Globally, the year 2008 ranked as the 10th warmest year on record. In Hong Kong, the average temperature in 2008 was slightly lower than those for previous years in this century. This was attributable to the La Nina phenomenon at the beginning of the year. The longest cold spell in 40 years occurred from 24 January to 16 February when the minimum temperature stayed below 12 degrees for 24 consecutive days. The year saw other new records. Record-breaking rain fell in April and June 2008, while October 2008 was the warmest October since record began in 1884. The year 2008 was also wetter than usual. The annual rainfall of 3066.2 millimetres was about 29 percent above normal.
In 2008, the typhoon season started in mid-April, the second earliest onset time since 1946. Altogether six tropical cyclones affected Hong Kong and necessitated the issuance of local Tropical Cyclone Warning Signals, which were about normal. Four of them necessitated the issuance of the No. 8 or higher signals, making 2008 the year with the most No. 8 Signals since 1999. Typhoon Nuri crossed Hong Kong in August 2008 and necessitated the issuance of the Increasing Gale or Storm Signal No. 9. This was the first No. 9 signal since the passage of Typhoon Dujuan in September 2003.
January was cloudier and wetter than usual. Cold weather started to affect Hong Kong on 24 January and lasted until 16 February. This exceptionally long cold spell was a result of the cold air from Siberia moving south incessantly to reach central and southern China, while moist air was transported from the South China Sea and from even as far as the Indian Ocean. The convergence between cold and moist air brought continuous cloudy, rainy and cold weather to Hong Kong. The monthly mean temperature of February was 13.3 degrees, the lowest for February in the past 40 years.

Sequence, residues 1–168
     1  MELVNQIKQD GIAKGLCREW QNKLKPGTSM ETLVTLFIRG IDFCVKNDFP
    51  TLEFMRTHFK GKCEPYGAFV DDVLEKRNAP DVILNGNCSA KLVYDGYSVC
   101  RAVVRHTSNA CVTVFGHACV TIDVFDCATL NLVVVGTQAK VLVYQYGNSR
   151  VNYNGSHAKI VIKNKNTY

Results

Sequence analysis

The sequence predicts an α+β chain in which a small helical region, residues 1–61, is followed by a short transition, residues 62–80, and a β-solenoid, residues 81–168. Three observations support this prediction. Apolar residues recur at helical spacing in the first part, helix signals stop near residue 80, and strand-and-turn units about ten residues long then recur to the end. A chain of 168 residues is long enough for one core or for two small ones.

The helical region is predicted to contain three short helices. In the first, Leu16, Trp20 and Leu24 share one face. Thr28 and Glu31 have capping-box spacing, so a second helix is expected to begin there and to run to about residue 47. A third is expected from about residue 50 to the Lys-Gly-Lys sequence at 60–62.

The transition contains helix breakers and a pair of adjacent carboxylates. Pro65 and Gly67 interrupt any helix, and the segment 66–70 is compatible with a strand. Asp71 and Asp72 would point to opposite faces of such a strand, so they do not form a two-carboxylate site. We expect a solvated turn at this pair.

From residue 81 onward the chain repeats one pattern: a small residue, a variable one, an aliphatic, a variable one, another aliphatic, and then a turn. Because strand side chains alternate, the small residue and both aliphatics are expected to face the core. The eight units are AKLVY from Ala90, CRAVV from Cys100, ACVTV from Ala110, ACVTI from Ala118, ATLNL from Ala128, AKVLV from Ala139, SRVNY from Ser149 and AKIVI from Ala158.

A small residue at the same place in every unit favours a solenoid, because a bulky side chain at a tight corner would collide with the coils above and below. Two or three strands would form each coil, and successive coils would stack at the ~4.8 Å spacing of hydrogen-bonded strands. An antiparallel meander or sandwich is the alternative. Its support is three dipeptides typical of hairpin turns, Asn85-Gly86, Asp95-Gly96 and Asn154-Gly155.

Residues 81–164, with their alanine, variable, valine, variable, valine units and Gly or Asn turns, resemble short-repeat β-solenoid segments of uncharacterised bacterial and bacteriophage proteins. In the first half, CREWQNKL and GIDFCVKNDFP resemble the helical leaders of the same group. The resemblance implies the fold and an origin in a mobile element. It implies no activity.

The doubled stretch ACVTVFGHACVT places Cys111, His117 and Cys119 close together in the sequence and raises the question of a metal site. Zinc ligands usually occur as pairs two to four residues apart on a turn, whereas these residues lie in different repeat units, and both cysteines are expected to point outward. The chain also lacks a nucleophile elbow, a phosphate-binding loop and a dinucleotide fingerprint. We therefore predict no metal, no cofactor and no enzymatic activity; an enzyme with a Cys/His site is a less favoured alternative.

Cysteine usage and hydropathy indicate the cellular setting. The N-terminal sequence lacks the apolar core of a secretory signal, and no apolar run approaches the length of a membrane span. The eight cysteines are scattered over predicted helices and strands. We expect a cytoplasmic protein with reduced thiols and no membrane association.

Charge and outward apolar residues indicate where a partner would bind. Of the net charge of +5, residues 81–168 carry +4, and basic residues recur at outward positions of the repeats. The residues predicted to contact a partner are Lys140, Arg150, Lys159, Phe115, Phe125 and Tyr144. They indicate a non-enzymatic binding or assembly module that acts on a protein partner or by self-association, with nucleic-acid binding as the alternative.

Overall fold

March was warmer and sunnier than usual.
April was warmer than usual. The passage of Typhoon Neoguri brought heavy rain to Hong Kong on 19 April, with a rainfall of 237.4 millimetres for the day breaking the April daily figure since record began. The heavy rain necessitated the issuance of the first Black Rainstorm Warning in 2008 which was also the earliest in the year since the start of the Rainstorm Warning System in 1992.
May was cooler and drier than usual.
The weather of June was marked by heavy rain and squally thunderstorms. The hourly rainfall of 145.5 millimetres recorded on 7 June between 8 and 9 a.m. was the highest since record began. The monthly total of 1346.1 millimetres was also a record high among all months since 1884.
July was wetter than usual.
August was sunnier and drier than usual. With long periods of sunshine, the monthly total global solar radiation in August was 564.48 megajoules per square metre, the second highest for August since record began.
September was hotter and drier than usual. The monthly mean temperature of 29.0 degrees equaled the record set in 1969. The passage of Typhoon Hagupit in late September brought storm surges, which combined with high tides led to the highest sea level since Typhoon Wanda in 1962 and brought extensive flooding to many low-lying areas.
October was unseasonably warm. Both the monthly mean temperature of 26.5 degrees and the mean daily minimum temperature of 24.9 degrees broke the records set in 1983 by 0.1 degrees and 0.2 degrees respectively.
November was brighter and warmer than usual.
December was warmer and drier than usual.